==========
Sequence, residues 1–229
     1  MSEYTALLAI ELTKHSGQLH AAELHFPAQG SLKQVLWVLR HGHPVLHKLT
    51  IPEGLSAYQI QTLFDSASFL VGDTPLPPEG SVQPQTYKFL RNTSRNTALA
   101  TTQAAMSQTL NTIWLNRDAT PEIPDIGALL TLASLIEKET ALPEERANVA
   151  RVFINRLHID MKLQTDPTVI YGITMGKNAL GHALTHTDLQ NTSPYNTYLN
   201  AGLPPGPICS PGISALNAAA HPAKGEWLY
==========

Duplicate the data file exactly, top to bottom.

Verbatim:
Sequence, residues 1–229
     1  MSEYTALLAI ELTKHSGQLH AAELHFPAQG SLKQVLWVLR HGHPVLHKLT
    51  IPEGLSAYQI QTLFDSASFL VGDTPLPPEG SVQPQTYKFL RNTSRNTALA
   101  TTQAAMSQTL NTIWLNRDAT PEIPDIGALL TLASLIEKET ALPEERANVA
   151  RVFINRLHID MKLQTDPTVI YGITMGKNAL GHALTHTDLQ NTSPYNTYLN
   201  AGLPPGPICS PGISALNAAA HPAKGEWLY